Human rights–based family planning (FP) programming—what does it mean? Where do you start to translate it into practice? How comprehensive do you need to be? It is easy to become daunted by a long list of inputs and activities, such as those listed in the voluntary, rights-based family planning framework developed by a team led by Futures Group and EngenderHealth. The recent 2020 Vision newsletter refers to the overwhelming nature of existing guidance documents for ensuring that FP programs are rights-based and offers a simplified starting point. But will simplification of a complex set of challenges lead to the transformation in FP programming that our field needs?
We welcome the dialogue started by Population Action International (PAI) about how to move forward to protect and fulfill human rights within FP programs. This conversation is needed; multiple voices and views add richness to the discussion. PAI suggests starting with three priorities: voluntarism, informed choice, and achieving a diverse method mix. Certainly, we have to start somewhere, and these three elements are essential to rights-based FP— programs must be vigilant in preventing instances of coercion and in ensuring full, free, and informed contraceptive choice.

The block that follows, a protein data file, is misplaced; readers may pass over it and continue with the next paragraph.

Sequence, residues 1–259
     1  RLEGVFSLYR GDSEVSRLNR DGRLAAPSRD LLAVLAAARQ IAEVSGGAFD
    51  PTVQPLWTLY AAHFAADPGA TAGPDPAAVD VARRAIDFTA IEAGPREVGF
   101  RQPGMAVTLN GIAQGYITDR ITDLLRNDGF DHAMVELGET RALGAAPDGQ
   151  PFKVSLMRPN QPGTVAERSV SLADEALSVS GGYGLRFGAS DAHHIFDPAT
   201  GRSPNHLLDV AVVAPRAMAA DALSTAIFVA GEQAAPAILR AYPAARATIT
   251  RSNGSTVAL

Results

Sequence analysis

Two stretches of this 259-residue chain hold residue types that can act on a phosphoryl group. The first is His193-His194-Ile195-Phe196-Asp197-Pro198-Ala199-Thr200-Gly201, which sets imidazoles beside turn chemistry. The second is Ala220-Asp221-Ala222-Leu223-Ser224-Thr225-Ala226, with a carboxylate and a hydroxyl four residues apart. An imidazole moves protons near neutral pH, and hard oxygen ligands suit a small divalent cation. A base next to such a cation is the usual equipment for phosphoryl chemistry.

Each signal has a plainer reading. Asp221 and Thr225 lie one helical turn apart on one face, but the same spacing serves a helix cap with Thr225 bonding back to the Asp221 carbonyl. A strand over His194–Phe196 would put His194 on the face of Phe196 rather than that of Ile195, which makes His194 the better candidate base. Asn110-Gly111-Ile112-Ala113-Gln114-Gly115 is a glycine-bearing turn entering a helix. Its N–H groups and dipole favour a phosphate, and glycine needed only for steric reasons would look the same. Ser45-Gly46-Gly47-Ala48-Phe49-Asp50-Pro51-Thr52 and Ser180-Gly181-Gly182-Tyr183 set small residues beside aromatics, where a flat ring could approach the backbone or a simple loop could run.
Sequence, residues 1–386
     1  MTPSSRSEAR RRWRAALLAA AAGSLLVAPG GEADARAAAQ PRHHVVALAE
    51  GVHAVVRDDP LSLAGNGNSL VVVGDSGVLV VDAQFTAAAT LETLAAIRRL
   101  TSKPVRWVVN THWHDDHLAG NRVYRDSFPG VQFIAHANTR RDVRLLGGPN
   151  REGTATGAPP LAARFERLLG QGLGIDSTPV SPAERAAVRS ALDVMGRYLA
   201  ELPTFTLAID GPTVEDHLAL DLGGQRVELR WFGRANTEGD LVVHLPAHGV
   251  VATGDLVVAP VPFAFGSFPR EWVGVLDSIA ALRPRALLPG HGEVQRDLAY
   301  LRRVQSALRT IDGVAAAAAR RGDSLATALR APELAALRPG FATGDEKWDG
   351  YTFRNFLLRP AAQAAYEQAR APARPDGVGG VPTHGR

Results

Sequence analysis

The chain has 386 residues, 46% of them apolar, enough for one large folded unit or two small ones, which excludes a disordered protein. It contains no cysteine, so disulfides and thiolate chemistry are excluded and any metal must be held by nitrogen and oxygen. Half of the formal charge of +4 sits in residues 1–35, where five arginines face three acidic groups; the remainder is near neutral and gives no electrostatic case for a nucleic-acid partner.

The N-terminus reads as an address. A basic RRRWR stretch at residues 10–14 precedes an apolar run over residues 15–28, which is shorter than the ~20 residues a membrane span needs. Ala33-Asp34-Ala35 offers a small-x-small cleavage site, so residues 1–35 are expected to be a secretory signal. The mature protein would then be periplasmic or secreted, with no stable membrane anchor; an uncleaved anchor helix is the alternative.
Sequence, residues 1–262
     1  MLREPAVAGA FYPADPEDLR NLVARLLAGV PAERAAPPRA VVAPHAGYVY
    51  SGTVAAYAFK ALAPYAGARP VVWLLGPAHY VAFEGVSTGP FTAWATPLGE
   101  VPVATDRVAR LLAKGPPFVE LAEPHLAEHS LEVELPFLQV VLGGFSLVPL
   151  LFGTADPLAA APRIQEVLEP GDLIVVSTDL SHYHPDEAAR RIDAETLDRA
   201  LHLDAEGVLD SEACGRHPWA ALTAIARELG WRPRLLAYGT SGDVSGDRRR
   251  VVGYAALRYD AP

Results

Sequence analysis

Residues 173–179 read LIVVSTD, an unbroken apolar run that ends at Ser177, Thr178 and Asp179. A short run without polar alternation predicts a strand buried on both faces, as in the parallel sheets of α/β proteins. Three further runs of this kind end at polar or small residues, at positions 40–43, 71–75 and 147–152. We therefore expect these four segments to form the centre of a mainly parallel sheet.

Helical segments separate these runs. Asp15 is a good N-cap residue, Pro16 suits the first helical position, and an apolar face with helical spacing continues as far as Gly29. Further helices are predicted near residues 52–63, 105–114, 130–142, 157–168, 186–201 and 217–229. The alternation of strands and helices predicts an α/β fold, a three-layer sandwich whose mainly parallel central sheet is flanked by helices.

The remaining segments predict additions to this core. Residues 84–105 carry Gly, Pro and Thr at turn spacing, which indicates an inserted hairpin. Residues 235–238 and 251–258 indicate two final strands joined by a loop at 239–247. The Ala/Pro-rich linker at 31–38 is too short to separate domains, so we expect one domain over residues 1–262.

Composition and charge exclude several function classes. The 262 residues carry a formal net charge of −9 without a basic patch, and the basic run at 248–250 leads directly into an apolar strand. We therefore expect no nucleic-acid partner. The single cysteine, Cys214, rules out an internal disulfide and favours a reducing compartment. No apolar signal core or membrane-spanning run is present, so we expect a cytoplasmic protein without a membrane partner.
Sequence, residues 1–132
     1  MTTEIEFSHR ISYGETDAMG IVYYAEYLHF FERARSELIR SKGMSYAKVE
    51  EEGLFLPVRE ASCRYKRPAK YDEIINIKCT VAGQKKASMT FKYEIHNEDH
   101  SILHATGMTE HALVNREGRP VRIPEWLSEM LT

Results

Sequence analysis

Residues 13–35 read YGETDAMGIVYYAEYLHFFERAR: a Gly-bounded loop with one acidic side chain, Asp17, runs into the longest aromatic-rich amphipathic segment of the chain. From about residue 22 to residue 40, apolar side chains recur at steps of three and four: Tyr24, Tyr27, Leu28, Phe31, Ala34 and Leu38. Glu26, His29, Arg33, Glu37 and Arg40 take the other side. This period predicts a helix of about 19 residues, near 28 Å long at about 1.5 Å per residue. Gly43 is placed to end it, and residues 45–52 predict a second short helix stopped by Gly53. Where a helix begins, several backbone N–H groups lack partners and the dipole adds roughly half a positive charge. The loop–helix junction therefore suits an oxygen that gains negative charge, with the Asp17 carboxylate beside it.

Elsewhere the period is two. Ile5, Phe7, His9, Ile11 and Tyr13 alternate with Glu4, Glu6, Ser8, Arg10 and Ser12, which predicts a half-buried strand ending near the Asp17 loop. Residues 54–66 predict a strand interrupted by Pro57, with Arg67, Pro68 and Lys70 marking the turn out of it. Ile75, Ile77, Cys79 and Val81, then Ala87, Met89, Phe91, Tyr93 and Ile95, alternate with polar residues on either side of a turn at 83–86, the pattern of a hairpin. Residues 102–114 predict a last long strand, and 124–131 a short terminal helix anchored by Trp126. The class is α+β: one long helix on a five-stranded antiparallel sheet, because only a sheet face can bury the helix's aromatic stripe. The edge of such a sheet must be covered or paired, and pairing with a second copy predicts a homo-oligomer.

However, these program elements are not sufficient to ensure equitable access to services for all nor to ensure that the services are of high quality. They also do not address community factors that impede access to and use of FP. And they do not address the issue of accountability. These are critical considerations for reaching and fulfilling the human rights of the 220 million women with an unmet need for FP.